“You ask them [men] to give you the name of a woman in tech. They realise that they don’t know so many women in tech,” she told Euronews Next, adding another issue is that even recruiters have problems hiring more women because they do not know where to find them.

According to a study by McKinsey, women only occupy 22 per cent of all tech roles across European companies. If current trends continue, the share of women in tech may drop to 21 per cent by 2027.

Mensah said this creates issues as there are not enough role models for children to aspire to.

“I think about when I was a child and nobody looked like me who was running a company. So it was really hard to identify or even to think it was possible to do that. I think we need to raise awareness for children.


“That’s why since I am a Black woman working in science and tech, I speak in front of young girls, and young boys to make them understand it’s possible.”

What can men, companies, and decision-makers do?

The first thing men can do is hire women and pay them properly, said McDougall, adding if they are not in a hiring position, they should keep their eyes and ears open.

“If someone on the team says something inappropriate or makes her uncomfortable, take a moment to pull her aside afterwards and check that she’s OK. Better yet, call out sexist jokes or comments when you hear them,” she said.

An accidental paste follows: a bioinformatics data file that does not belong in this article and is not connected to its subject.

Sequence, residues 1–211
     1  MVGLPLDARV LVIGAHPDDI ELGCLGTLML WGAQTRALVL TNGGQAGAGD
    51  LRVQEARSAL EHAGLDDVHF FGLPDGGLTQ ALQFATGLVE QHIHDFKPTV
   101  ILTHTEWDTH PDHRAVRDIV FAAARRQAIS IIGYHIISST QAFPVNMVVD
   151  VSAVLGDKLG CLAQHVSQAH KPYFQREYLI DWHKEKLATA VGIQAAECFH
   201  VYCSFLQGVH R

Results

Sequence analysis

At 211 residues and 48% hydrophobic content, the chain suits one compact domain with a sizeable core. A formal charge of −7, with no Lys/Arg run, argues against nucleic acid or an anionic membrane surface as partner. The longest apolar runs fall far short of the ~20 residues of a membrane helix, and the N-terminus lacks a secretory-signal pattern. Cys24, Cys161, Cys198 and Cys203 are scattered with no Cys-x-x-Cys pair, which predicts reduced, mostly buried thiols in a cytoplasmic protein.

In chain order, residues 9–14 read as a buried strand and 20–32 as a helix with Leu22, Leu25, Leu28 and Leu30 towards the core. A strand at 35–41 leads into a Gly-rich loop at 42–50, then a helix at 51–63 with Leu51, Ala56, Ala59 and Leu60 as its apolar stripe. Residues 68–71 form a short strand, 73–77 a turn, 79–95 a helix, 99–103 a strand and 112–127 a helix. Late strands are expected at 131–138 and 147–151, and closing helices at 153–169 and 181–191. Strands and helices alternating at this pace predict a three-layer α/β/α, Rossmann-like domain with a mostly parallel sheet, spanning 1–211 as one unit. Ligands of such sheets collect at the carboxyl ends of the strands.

As for companies, she recommends a “passing the vibe check,” meaning asking questions such as if the atmosphere feels good, whether women are actively included in decision-making, what the maternity leave policies are, and what percentage of leadership are women.

For Samano, the equality problem all comes down to funding.


“Women in tech face significantly larger challenges when trying to raise venture funding. The decision-makers within funds are largely still male, and those who invest in the funds are mainly male limited partners (LPs),” she said.

“While it might look like venture capitalists have diverse teams, this is an illusion since the majority of women tend to be in more junior roles.

“Until we have more women sitting on investment committees and investing in funds themselves as LPs, I don’t feel like this problem will change.”

Some 98 per cent of European VC money went to businesses founded by men in 2023, according to Atomico.

“Having been through the fundraising journey, us female founders have to hustle considerably harder to get the finance we need to scale our businesses. And we’re often scrutinised about our family life and age in a way that male founders aren’t,” said Karoli Hindriks, CEO and Co-Founder of Jobbatical, a global mobility platform for businesses.


“Companies with diverse founding teams perform 2.5 times better than those without, she told Euronews Next, referring to a study

“The needle has barely moved in the past five years,” she told Euronews Next.

“We need more female VCs, Angels and male allies to ensure that great businesses aren’t being hindered by conscious and unconscious bias”.